Surfrider's long-term effort to establish a National Marine Sanctuary off the central California coast has taken a major step forward!
The National Oceanic and Atmospheric Administration (NOAA) announced last week that the nomination for a new Chumash Heritage National Marine Sanctuary has been accepted. The acceptance recognizes the site as deserving special status, and puts it officially under consideration for protection as part of the National Marine Sanctuary Program. The proposed Chumash Heritage National Marine Sanctuary would be the first one to focus on indigenous culture and history as a primary core value along with protection of ocean habitat.
“Many coastal Chumash people are very interested in learning how the proposed sanctuary would affect traditional cultural resources, both natural and archaeological,” said Roberta Cordero, a member of the Coastal Band of the Chumash Nation. “They hope for a vigorous dialogue throughout the process at all levels, including the possibility for consultation at the tribal level with NOAA.”
The nomination was submitted by the Northern Chumash Tribal Council, which has been working on the initiative with the Sierra Club California, the San Luis Obispo Chapter of Surfrider Foundation, and other partner groups. The area proposed for the national marine sanctuary stretches from Santa Rosa Creek in Cambria to Gaviota Creek in Santa Barbara, protecting marine habitat along some 140 miles of coastline.
“It has been an amazing experience working with Fred and other Chumash leaders along with other environmental groups, local businesses, hundreds of local residents and Cal Poly students,” said Carol Georgi of the Surfrider's San Luis Obispo Chapter. “This is a great day for our ocean.”
As part of an effort to have more public involvement in nominating and designating national marine sanctuaries, NOAA revamped its process to encourage community-driven nominations, as compared to its previous top-down approach.
“NOAA’s grassroots sanctuary nomination process is about making it possible for people in coastal communities to take a stand for special places,” said Kathryn Phillips, Director of Sierra Club California. “This nomination is about taking action to make sure the natural wonders of California’s Central Coast will be here for future generations.”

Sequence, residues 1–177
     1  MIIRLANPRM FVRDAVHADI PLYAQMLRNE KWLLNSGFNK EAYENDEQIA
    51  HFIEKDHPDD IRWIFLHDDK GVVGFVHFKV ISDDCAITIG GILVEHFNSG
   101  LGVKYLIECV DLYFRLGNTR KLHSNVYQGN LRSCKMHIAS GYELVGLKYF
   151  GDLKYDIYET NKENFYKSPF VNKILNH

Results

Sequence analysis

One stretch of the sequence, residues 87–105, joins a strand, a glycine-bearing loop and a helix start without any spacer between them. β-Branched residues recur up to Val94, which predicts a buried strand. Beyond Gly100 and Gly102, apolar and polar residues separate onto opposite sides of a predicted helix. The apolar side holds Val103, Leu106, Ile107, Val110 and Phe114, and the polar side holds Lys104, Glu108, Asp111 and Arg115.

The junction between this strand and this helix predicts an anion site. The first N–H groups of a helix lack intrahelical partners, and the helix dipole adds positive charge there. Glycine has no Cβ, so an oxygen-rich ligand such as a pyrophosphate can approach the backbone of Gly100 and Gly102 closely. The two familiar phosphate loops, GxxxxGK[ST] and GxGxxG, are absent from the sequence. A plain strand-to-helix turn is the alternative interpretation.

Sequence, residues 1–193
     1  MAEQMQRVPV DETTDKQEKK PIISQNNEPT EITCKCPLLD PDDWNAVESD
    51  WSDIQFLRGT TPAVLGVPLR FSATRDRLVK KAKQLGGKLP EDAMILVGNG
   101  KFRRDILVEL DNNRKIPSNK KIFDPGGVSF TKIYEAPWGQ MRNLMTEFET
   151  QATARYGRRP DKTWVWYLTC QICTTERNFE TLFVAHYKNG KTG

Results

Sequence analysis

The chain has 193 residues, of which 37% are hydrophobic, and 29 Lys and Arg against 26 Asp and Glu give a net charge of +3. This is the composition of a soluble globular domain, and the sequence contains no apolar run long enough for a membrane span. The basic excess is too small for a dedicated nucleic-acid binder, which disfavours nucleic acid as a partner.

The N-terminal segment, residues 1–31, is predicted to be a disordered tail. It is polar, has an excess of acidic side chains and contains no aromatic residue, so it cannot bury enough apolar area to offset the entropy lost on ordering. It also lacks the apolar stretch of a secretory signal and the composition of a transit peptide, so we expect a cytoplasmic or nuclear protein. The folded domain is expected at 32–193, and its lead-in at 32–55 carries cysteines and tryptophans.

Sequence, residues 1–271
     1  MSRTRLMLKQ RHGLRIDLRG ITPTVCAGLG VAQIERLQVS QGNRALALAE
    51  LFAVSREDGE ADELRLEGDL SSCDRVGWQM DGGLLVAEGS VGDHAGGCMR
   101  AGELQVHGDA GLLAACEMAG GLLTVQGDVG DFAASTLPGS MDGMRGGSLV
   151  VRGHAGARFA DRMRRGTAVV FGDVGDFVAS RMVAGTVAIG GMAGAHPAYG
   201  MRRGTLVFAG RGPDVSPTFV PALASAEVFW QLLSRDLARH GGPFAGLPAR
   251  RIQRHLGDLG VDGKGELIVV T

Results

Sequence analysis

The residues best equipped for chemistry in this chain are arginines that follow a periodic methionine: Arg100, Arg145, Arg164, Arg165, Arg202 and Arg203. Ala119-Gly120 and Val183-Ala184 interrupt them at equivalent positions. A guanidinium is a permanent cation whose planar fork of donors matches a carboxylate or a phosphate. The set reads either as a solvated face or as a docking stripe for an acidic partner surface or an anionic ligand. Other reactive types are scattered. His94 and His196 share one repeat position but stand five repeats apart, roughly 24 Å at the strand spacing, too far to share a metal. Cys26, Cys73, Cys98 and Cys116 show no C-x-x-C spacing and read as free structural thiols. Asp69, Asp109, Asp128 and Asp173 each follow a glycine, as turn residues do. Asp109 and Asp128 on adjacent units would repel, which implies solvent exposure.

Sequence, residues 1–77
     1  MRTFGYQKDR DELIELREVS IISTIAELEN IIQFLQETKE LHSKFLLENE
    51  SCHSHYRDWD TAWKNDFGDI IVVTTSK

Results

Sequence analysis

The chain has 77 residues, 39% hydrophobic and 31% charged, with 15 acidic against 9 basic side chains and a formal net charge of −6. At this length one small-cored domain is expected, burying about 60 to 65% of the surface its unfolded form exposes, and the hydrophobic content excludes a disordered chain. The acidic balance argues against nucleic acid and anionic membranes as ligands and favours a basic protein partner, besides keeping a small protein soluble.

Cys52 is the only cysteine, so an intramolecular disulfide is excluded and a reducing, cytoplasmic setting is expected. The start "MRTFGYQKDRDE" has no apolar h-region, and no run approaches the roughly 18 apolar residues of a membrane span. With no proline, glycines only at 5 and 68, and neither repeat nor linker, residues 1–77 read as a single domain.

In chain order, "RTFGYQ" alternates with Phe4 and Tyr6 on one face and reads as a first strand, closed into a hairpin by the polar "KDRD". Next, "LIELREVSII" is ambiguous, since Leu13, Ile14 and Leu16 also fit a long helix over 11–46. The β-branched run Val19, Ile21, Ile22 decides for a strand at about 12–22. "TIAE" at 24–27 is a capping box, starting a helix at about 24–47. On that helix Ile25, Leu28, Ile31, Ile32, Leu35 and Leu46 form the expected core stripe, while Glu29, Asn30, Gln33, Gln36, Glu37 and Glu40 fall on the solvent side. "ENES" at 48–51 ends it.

“There is tremendous potential for good here,” said Fred Collins, Administrator of the Northern Chumash Tribal Council. “A Chumash Heritage National Marine Sanctuary will preserve and recognize the importance of our tribal history, safeguard our shared coastal resources, and open new doors for research and economic growth. We hope to move forward to designation as soon as possible.”
In accepting the nomination, NOAA confirmed that the proposed national marine sanctuary has: Natural resources or habitat with special ecological significance; Maritime heritage resources with special historical, cultural and archaeological significance; Important economic uses like tourism, fishing, diving, and other recreational activities that depend on conservation and management of the resources; and Local marine resources that face potential threats and impacts, and existing management and regulations that could help with sanctuary conservation efforts.
NOAA's acceptance of the nomination does not guarrantee that the Chumash Heritage Sanctuary will be designated. Rather, it means that NOAA will place the Chumash proposal in an inventory of areas it could consider for potential designation as a national marine sanctuary. Sanctuary designation is a separate public process that is highly public and participatory, and often takes several years to complete. For more information on NOAA's Sanctuary Nomination Process please click here.
Please stay tuned on ways you can help advance the successful designation of the Chumash Heritage National Marine Sanctuary!